Are you trying to decide which e-book reader to buy? One of the important factors to keep in mind is the price of each book. The original buy-in for the device is hardly worth talking about unless you are going to spring for an iPad or Kindle Fire.
I made these price comparisons a while ago, but I had forgotten about the Kobo until today (I checked a few of the books from the other companies to make sure that the prices haven’t changed too drastically since I first put this together).
It is worth mentioning that the prices for Amazon.com are really skewed by the two Tim Keller books. For whatever reason, Amazon.com has overpriced this book, but when it first came out the Meaning of Marriage was only 12.99.
What should we learn from this exercise?
- Right now I do not recommend shifting your Kindle Library to Amazon.ca—the selection is limited and the average cost of a book is about .50 cents more than Amazon.com; if our dollar improves dramatically in the future this may change, but the bigger concern is the limited selection available on the Canadian site).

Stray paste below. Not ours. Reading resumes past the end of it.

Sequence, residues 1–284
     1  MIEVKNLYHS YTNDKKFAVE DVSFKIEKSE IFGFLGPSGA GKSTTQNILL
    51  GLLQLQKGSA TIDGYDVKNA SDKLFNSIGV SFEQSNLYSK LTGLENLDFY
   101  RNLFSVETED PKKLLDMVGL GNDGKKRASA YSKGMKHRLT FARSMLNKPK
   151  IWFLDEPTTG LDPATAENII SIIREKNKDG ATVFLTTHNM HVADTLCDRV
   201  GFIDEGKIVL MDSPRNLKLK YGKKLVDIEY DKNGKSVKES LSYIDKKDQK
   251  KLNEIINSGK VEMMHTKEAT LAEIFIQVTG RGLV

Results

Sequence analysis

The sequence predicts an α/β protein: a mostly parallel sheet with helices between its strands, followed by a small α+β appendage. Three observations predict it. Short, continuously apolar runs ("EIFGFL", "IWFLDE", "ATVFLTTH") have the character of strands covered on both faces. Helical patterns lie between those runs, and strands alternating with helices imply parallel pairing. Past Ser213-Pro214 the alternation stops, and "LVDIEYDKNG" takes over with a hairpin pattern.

- In my experience ebooks are dramatically cheaper when they are first released, even to the point where they give them away for the first two or three days (if you want to know about the daily deals on Kindle books follow this blog via email: http://www.gospelebooks.net/).
- Finally, ebooks are not always cheaper. If you want to compare the same books, but the hard copies, see this post by Tim Challies, who originally got me started on this research.
- New Kindles an Epic Fail (joshchalmers.wordpress.com)
- How the Kindle killed my reading plan (Christians in Context)